- Q: What is required out of ME during the lesson?
A: Again, dogs learn best when they feel happy and safe. Trainers should make sure to tell you that harsh verbal corrections, yelling, leash popping, etc is not allowed in class (or at home). They should ask you to find out what REALLY motivates your dog and suggest some good food rewards to bring. They may ask you to hold off on the nearest meal so that the dog is more motivated to work (though NOT with a young puppy). They should ask you to exercise and then rest your pup right before class so that the energy is burned and the dog is back to a calmer state of mind. They should tell you that the class is not about training the DOG, but training YOU how to teach your dog important life skills. Therefor, they should tell you to be prepared to learn. Many facilities are now prohibiting smart phones so that people focus on their pups and the trainer instead. Additionally, any training class or trainer worth their salt will give you HOMEWORK to do. If they say they can fix/train your dog with one session and no follow up, then they are LYING to you in order to get your business. Training takes TIME. There is NO QUICK FIX.
- Q: How much education do your trainers have?
A: There are NO requirements for people to claim that they are dog trainers. Any joe schmo can say they are a trainer. What you are looking for is someone who has been educated in the science behind how animals learn and who has the experience to really understand canine behavior and have things like timing down pat. CPDT-KA is a good certification and you want someone experienced in the field they are training. For example, an agility trainer should have proof that their dogs compete and do well. “I learned it all from the dogs I’ve had” is NOT education. A LOT of balanced or correction based trainers say things like this and most of their “knowledge” is based on incorrect assumptions, behavior suppression, and a lack of understanding of canine behavior and body language. Yes, we SHOULD learn from the dogs we work with, and I have learned a TON from the dogs I work with, but only within the context of my education as a guide to what I am seeing and experiencing.
- Q: How much time do your trainers spend on continuing education every month?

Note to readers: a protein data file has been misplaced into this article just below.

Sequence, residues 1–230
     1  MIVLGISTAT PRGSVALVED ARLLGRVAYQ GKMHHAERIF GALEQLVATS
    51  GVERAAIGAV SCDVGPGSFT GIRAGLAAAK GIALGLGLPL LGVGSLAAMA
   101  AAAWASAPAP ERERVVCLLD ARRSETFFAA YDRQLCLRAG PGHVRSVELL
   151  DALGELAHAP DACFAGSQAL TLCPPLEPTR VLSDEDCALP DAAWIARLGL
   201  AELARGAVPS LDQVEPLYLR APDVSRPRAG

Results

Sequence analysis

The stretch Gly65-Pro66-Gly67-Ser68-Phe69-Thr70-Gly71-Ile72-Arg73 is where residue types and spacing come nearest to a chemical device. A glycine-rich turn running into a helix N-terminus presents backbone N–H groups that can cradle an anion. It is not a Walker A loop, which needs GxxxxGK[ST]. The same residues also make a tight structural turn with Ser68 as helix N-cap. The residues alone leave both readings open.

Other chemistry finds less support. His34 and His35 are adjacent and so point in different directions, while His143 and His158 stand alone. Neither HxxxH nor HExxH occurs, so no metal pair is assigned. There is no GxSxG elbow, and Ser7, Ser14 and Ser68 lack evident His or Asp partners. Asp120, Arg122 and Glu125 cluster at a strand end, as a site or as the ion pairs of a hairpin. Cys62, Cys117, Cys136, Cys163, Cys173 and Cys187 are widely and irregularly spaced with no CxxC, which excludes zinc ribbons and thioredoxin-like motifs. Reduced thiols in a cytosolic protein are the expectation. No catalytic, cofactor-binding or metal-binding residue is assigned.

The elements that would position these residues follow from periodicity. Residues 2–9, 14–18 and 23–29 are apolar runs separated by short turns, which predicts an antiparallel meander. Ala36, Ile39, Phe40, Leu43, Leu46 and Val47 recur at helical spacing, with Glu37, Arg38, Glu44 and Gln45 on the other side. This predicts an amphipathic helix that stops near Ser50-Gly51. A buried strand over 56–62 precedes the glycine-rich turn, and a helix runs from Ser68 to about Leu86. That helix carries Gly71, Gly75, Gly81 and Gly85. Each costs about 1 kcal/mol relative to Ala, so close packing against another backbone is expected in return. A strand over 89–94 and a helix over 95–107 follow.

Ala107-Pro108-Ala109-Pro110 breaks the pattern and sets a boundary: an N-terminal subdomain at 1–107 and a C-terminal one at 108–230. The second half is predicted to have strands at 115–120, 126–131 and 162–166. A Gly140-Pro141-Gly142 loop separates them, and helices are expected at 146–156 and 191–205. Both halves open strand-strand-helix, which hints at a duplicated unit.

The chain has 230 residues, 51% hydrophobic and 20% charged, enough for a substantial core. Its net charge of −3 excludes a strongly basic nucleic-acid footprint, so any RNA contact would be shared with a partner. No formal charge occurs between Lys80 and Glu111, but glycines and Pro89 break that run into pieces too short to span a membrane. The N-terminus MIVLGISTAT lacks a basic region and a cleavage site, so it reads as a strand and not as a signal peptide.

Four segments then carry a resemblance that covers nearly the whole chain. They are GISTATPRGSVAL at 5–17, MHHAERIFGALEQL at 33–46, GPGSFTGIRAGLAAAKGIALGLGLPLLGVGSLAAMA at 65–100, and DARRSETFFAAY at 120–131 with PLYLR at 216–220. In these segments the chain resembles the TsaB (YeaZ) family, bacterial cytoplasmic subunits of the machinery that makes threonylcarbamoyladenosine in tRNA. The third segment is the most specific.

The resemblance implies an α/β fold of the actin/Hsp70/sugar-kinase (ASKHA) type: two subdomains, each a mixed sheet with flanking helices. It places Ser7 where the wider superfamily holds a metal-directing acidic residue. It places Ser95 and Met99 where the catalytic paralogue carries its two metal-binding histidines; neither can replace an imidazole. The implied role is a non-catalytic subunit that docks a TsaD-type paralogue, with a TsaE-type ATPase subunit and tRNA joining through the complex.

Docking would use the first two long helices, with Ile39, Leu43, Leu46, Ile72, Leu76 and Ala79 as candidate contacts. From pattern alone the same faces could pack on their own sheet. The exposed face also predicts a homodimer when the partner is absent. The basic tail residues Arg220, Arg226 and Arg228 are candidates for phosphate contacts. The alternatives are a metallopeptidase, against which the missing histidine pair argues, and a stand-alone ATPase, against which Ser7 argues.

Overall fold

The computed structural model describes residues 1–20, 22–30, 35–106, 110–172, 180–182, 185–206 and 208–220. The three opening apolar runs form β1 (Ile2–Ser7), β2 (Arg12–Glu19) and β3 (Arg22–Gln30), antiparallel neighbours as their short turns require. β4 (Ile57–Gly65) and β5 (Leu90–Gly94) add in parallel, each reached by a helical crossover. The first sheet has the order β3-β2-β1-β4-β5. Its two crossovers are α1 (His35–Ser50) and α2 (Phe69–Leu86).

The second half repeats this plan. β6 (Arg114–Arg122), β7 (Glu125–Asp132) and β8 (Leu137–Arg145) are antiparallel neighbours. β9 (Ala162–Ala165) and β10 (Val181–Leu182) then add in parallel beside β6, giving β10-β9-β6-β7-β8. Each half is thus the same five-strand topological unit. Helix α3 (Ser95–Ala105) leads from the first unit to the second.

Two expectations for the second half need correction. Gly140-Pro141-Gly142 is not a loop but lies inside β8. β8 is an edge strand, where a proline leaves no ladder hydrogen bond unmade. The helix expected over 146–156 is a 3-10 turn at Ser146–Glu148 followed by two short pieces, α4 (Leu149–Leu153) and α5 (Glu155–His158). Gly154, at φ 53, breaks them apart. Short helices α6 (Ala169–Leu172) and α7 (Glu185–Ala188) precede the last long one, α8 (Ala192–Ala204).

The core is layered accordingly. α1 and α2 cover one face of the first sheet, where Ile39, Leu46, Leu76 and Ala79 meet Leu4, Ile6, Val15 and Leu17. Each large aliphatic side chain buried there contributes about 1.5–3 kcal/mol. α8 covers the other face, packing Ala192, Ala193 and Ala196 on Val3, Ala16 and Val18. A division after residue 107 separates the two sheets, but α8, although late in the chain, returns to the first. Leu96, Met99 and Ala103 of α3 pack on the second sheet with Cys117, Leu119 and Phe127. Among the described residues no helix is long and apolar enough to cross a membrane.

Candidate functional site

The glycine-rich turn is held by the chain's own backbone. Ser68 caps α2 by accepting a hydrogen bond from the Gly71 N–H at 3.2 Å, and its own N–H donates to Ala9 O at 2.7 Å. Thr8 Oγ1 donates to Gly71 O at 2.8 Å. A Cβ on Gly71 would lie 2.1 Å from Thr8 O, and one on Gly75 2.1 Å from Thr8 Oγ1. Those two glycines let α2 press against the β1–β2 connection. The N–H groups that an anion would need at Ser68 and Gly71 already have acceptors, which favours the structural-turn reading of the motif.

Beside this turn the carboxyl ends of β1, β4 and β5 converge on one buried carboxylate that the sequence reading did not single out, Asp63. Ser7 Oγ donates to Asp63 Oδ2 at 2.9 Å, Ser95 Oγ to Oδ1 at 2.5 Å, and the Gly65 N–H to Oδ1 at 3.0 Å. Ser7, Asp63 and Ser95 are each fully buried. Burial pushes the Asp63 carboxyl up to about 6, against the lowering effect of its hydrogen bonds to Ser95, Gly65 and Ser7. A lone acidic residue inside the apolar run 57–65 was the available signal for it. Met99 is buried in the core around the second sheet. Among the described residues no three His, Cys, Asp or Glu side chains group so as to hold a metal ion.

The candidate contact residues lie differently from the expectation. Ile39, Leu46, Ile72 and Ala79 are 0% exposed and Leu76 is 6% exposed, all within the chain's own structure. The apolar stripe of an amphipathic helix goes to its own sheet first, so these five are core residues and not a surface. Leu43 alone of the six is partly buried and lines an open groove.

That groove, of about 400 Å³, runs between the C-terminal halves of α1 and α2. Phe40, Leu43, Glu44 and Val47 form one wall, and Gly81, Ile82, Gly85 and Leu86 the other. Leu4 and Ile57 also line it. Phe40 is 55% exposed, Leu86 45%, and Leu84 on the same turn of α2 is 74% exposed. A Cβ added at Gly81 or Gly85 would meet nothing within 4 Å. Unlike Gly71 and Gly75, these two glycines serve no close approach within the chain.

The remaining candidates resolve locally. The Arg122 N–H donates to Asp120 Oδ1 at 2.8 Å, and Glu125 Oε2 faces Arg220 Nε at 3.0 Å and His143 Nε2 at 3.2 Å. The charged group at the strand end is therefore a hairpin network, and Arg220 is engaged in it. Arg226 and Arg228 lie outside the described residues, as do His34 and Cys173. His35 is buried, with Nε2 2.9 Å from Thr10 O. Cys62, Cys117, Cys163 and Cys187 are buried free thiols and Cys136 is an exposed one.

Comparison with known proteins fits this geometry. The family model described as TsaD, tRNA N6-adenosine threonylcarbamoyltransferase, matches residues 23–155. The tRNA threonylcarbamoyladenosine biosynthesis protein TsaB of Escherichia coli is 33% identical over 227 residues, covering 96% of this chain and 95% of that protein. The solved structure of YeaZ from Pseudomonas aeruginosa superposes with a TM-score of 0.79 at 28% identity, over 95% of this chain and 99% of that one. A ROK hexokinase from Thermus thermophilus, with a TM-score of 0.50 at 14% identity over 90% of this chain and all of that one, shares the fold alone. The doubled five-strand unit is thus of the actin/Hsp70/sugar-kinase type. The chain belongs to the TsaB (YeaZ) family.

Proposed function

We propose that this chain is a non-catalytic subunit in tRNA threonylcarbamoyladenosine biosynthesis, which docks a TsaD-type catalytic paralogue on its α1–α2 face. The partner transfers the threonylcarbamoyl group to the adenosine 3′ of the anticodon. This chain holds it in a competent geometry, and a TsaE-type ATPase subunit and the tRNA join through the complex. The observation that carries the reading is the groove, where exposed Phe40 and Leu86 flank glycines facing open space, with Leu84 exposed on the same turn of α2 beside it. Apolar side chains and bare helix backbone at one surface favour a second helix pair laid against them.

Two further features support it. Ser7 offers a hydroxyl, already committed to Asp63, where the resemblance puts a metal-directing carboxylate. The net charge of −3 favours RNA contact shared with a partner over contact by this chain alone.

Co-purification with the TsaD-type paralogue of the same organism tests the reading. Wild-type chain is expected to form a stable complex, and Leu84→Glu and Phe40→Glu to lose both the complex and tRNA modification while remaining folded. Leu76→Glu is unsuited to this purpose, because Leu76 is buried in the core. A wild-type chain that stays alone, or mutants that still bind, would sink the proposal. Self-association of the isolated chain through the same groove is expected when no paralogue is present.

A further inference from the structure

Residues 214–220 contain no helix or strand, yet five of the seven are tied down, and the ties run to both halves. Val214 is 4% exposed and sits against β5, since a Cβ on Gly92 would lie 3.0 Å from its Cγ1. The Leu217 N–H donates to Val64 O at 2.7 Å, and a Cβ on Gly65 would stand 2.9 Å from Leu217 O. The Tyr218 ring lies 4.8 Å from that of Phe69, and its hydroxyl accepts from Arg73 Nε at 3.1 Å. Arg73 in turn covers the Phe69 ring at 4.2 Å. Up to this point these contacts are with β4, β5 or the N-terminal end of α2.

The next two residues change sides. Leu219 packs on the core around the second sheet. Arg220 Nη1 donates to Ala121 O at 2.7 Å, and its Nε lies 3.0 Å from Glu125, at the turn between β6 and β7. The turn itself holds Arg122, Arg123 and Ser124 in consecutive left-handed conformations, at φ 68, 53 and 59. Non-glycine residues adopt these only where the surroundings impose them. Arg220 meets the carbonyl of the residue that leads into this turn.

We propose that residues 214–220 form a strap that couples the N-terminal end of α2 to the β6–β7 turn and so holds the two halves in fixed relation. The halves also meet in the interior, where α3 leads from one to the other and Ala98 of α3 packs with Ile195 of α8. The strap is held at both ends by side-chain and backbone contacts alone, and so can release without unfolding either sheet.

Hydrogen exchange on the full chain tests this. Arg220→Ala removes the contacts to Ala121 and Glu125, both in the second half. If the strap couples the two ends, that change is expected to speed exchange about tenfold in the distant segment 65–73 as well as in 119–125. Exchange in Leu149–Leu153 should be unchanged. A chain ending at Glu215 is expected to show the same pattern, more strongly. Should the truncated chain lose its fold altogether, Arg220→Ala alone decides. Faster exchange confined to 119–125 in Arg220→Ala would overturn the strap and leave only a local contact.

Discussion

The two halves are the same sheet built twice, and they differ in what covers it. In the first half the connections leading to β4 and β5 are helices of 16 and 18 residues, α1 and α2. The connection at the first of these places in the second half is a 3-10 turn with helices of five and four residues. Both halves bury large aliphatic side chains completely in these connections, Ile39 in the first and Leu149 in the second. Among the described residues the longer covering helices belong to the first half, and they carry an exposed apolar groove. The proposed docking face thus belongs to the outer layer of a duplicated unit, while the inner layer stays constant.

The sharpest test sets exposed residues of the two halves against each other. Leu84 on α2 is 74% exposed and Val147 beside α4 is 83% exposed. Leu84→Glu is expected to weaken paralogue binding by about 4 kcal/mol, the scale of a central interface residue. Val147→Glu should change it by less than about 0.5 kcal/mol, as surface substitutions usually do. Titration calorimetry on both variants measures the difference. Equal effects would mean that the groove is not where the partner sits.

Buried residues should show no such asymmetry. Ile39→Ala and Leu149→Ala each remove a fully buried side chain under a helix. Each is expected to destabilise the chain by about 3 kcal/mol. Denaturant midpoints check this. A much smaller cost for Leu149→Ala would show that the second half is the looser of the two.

A: This is one that a lot of people dont ask, but it is SOOO important. There is so much more research being done on canine behavior and canine learning, training methods, body language, brain chemistry, and more. New studies come out almost every week. I spend around 40 hours a month just reading new studies, going to conferences, taking webinars, conversing with other trainers, reading blogs and articles by other trainers, etc. Now, not every puppy class teacher will do that. I train high drive high energy working dogs, so I’m a bit more intense than a lot of people, but if they dont do ANY continuing education, then in my book, they are not very dedicated to their craft and not someone I want helping me shape my puppy’s formative periods.
It’s important to note that if the trainer/facility will NOT answer these questions for you, then you should walk away. A good trainer is like a good veterinarian and should be a lifetime relationship for you and your dog. Someone who is unwilling to answer a few questions to get your business is someone who wont be willing to help you out with other questions in the future.
Also, ask for references for clients that have had similar issues to yours so that you can get a good idea of how the trainer has handled these things in the past and what to expect.
Here are words that if you hear from a trainer or facility, you should walk away:
These terms show that the trainer/facility does not have a sound understanding of animal learning and canine behavior and that they are likely a correction/punishment based group. Remember, what dogs learn about the world when they are puppies can have lifelong impacts! Most importantly, you want to find someone that is the right fit for you, your dog, and your situation. Choosing the right training facility, trainer, and class can make a big difference in your dog’s future so it’s important to take your time and make the right choice!